Motes Orchids

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January in Your Orchid Collection

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Rhyncholaelia Aristocrat Tamiami International Orchid Festival Grand Champion 2015

Rhyncholaelia Aristocrat

Tamiami International Orchid Festival

Grand Champion 2015

Excerpted from Florida Orchid Growing: Month by Month by Martin Motes. All rights reserved.


January Climate Data

  • Average high: 76.5
  • Average low: 59.6
  • Average mean: 68.1
  • Average rainfall: 1.88"

January is somewhat like December but in reverse, with each succeeding day bringing longer hours of sunlight until days are long enough that afternoons return at the end of the month with extra sunshine to warm us after the extra sharp cold snaps. January, like December, is cold and dry, in fact even colder and drier. Dry is good, cold can be very bad. We need to accentuate the positive by especially careful watering in January. By keeping our plants as dry as possible and spacing our waterings as far apart as possible, we conserve our potential to use water to protect our plants from the cold, keeping our powder dry, as it were. In January water early, water thoroughly when you do and do so sparingly. The cooler overall temperatures of January are much less dehydrating even to plants which have received less water. Remember, many of our orchids come from seasonally dry and cool climates not so different from South Florida. Many orchids are equipped already to handle the drier cooler conditions of our Florida January. A good strategy is to "top-up" the light watering that our plants receive with the passing showers that each successive cold front brings. This slight additional artificial irrigation may prove to be all the watering that many genera need. Such parsimony with watering preserves the possibility of using water on truly cold nights to warm our plants.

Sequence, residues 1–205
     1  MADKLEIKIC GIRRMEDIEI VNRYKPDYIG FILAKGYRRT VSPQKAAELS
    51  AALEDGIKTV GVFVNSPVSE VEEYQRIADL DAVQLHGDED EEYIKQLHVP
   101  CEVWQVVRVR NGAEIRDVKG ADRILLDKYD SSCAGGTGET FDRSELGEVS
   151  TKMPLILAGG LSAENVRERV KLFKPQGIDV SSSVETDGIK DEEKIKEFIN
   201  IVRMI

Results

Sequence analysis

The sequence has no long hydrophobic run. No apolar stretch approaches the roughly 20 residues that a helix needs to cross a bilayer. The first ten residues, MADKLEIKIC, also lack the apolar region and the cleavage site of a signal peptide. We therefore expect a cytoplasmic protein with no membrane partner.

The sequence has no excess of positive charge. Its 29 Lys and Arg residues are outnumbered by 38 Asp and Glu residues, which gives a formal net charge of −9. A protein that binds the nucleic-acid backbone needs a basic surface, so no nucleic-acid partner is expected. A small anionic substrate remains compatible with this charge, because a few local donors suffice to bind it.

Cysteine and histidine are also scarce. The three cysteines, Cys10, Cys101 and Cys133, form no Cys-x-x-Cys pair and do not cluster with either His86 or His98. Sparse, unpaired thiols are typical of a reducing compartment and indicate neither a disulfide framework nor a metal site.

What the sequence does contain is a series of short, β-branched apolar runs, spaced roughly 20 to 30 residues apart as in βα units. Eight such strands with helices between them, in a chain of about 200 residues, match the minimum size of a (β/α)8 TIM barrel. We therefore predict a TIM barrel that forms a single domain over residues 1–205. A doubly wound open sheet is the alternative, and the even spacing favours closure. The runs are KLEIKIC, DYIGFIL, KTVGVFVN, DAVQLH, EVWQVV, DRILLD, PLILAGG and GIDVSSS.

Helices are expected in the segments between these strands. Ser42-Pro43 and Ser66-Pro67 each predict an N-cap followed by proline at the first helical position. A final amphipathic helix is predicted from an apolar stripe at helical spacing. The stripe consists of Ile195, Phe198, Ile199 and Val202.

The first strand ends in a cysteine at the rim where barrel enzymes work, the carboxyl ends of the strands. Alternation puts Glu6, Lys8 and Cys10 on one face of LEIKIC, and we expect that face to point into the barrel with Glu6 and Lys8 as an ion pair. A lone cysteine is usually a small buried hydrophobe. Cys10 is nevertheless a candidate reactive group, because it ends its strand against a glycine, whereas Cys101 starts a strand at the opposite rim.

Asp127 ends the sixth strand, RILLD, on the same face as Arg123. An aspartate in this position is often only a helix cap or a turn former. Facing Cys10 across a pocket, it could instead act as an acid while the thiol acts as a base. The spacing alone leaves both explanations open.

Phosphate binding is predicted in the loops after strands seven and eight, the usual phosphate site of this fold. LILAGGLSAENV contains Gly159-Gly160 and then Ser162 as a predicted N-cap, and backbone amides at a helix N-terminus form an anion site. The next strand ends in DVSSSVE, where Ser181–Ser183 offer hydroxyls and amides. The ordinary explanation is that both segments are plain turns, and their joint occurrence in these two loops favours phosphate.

Water is the only feasible source of heat available to plants grown in the open, under trees, in shade houses or on patios in South Florida. Ground water here (and in most of the rest of the world is about 63 F. (16C). Water out of municipal systems is not far different. On truly cold nights turning on the water can be of great benefit to our plants, provided that they have not been over-watered in the days and weeks preceding, thus inviting the ever present fungi to do more damage than the cold. For this reason as well, in general, orchids are better off dry until temperatures approach frost or freezing. The logic for maintaining plants dry is not only to minimize fungal problems but also because cold air is typically very dry air. If plants are wet in very dry and rapidly moving air say 10 or more MPH, evaporative cooling can take place, chilling our orchids further and faster than they would if dry. When the water goes on it needs to be in heavy volume and it needs to stay on to keep the plants thoroughly bathed in its warmth. Very still air on the other hand, presents a different danger as frost is possible at temperatures higher than is commonly realized. In calm air frost can form at higher elevations and settle in on plants while the surface temperature is only in the upper 30's (4C). The best forecast for nights when the temperature will hover near 40 is a light wind of 2-5 miles per hour. This light wind mixes the warm air near the surface and draws warm from the earth. Clear, cloudless, still nights with bright shining stars elevate the spirit but harbingers frost.

Forecasts of temperatures below 40 F should stimulate us to action.